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Chapter 1 Part 1

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For ENGL 3150 Online

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Chapter 1 Part 1

  1. 1. 1 Science as a Social Enterprise (Part 1) Adapted from Penrose & Katz, Writing in the Sciences (2010)
  2. 2. Science as a Social Enterprise (Part 1) Adapted from Penrose & Katz, Writing in the Sciences (2010) 2 1) What did Barry Marshall and Robin Warren claim in their technical letters in the Lancet? 2) What did Marshall claim at the conference? 3) Who would such a claim affect? 4) How was this claim received? At what point did it become accepted? Why? 5) How long did it take for Marshall and Warren to win the Nobel Prize? Questions
  3. 3. Science as a Social Enterprise (Part 1) Adapted from Penrose & Katz, Writing in the Sciences (2010) 3 1) The methods/science itself (4) -Marshall admitted that he was more interested in curing patients than in developing adequate methods and conducting large clinical experiments. He though clinical success of patients would be good enough. 2) Adherence to conventions of the field (5) -Marshall induced acute gastritis in himself to prove that it could be cured with antibiotics. This made critics even more skeptical. 3) Prevailing assumptions in scientific disciplines (5) -Stomach had been considered too acidic for bacteria to survive The Shaping of Knowledge in Science Science is accepted and rejected because of:
  4. 4. Science as a Social Enterprise (Part 1) Adapted from Penrose & Katz, Writing in the Sciences (2010) 4 1) Scientific beliefs and assumptions are “social” in nature 2)Communication is central to the growth of scientific knowledge 3) Persuasion is an integral part of scientific communication 4) Scientific fields are governed by explicit conventions about how and what to communicate 5) Collaboration and cooperation are central to the development of scientific theories, research, and knowledge The Shaping of Knowledge in Science Five important points about how science is shaped (6)
  5. 5. Science as a Social Enterprise (Part 1) Adapted from Penrose & Katz, Writing in the Sciences (2010) 5 1. Science is shaped by the values of the dominant culture (assumptions, goals, biases, problems) The Social Nature of Science
  6. 6. Science as a Social Enterprise (Part 1) Adapted from Penrose & Katz, Writing in the Sciences (2010) 6 2. Scientists in a discipline constitute a community (who develop systems of assumptions and beliefs that govern the way we think) a. Consider the nine-dot problem b. Kuhn’s “gestalt” switch The Social Nature of Science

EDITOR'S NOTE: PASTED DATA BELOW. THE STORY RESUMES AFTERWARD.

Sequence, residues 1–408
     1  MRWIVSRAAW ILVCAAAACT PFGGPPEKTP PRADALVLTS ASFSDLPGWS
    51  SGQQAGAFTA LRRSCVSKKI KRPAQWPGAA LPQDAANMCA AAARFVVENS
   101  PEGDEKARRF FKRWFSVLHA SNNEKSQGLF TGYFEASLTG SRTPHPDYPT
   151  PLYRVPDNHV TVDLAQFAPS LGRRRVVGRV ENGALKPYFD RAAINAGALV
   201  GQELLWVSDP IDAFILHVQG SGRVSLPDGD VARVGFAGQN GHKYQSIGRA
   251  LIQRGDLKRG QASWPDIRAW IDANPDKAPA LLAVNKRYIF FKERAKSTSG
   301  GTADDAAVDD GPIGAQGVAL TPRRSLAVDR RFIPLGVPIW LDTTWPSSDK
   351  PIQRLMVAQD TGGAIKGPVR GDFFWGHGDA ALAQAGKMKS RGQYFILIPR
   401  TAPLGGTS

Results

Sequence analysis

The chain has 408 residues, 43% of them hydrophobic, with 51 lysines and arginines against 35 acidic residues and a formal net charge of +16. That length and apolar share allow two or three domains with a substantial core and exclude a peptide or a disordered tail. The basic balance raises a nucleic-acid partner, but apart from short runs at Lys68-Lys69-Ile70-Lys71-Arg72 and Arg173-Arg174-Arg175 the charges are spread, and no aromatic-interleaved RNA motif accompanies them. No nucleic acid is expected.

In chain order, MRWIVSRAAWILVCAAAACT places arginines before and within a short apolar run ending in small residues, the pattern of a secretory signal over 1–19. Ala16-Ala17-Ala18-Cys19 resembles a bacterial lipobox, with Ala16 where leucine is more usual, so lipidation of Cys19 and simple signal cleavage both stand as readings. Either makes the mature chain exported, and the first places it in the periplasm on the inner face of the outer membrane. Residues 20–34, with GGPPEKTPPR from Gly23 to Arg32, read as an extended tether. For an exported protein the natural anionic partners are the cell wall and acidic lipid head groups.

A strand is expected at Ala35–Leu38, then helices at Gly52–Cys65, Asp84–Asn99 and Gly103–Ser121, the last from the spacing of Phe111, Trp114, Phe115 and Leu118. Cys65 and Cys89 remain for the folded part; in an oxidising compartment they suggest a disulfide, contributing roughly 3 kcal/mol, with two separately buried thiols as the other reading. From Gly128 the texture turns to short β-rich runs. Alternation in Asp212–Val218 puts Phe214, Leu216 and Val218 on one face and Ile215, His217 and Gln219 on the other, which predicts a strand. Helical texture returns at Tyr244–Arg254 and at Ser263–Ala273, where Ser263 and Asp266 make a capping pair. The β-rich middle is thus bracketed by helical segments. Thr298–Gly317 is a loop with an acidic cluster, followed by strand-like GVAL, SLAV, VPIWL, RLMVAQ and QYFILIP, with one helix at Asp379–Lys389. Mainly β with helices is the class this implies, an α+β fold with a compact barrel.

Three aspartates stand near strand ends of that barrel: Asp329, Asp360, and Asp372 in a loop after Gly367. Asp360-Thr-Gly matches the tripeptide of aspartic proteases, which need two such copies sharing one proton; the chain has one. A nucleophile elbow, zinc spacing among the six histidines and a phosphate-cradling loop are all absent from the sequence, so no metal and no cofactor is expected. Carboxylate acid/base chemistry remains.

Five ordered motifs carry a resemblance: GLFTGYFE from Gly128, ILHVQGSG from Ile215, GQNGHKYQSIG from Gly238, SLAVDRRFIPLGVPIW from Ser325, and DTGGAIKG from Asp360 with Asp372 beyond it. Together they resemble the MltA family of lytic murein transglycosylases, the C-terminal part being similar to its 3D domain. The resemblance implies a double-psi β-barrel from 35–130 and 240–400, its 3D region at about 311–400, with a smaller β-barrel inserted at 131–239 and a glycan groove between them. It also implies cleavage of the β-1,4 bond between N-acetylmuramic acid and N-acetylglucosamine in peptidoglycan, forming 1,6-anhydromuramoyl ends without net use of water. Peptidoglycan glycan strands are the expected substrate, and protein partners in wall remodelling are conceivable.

7. 7. Science as a Social Enterprise (Part 1) Adapted from Penrose & Katz, Writing in the Sciences (2010) 7 3. “Paradigms” (Kuhn) are learned tacitly through observation and imitation and explicitly through education, textbooks, and specific practices. a. Marshall was “outside the current paradigm” (8) Students of science engage in learning paradigms b. Paradigms constrain thinking; yet they also provide support and context for discovery c. Discovery of new paradigms is reliant upon previous paradigms The Social Nature of Science
  8. 8. Science as a Social Enterprise (Part 1) Adapted from Penrose & Katz, Writing in the Sciences (2010) 8 4. Science often involves subjective dimensions (value-laden judgments, personal desires, personality, and style) (pages 8 – 9) a. Subjective and personal must be validated by social convention b. “Paradigm shift” occurs when values of a community shift towards new assumptions— known commonly as a “scientific revolution” (Thomas Kuhn) c. What is a recent paradigm shift? The Social Nature of Science
  9. 9. 9 Science as a Social Enterprise (Part 1) Adapted from Penrose & Katz, Writing in the Sciences (2010) 9 1. Centrality? Isn’t the science itself central? Without communication, science becomes personal, redundant, and futile (10) The Centrality of Communication in Science 2. “Communication is the engine that drives the social mechanism” of science (10) 3. Credit is given to the scientist who communicates a discovery first a. Royal Society of London (17th Century) credited for urging publication and protecting the rights of an author b. Goal was to have open communication among scientists
  10. 10. 1010 Science as a Social Enterprise (Part 1) Adapted from Penrose & Katz, Writing in the Sciences (2010) 10 4. Publishing quickly has become a common practice a. Watson and Crick’s letter about the double- helix structure of DNA in Nature is a famous example b. Learning to write quick and well is imperative in science 5. Peer review is the gatekeeping mechanism in science The Centrality of Communication in Science
  11. 11. 1111 Science as a Social Enterprise (Part 1) Adapted from Penrose & Katz, Writing in the Sciences (2010) 11 6. Funding agencies (NSF, Dept. of Energy, National Institute of Health) oversee who gets money to conduct research (12) 7. “Pre-publication” is when scientists publish something outside of peer review just to get their name on the research 8. Papers must be tailored to journal editors—they must also be accessible and testable, following scientific method that tests hypotheses (12) The Centrality of Communication in Science
  12. 12. 1212 Science as a Social Enterprise (Part 1) Adapted from Penrose & Katz, Writing in the Sciences (2010) 12 9. Francis Bacon known for instigating the idea of replication to address untrustworthiness of the senses (13) 10. Hypotheses, theories, experiments, and results are primarily presented, obtained, and critiqued through publication The Centrality of Communication in Science

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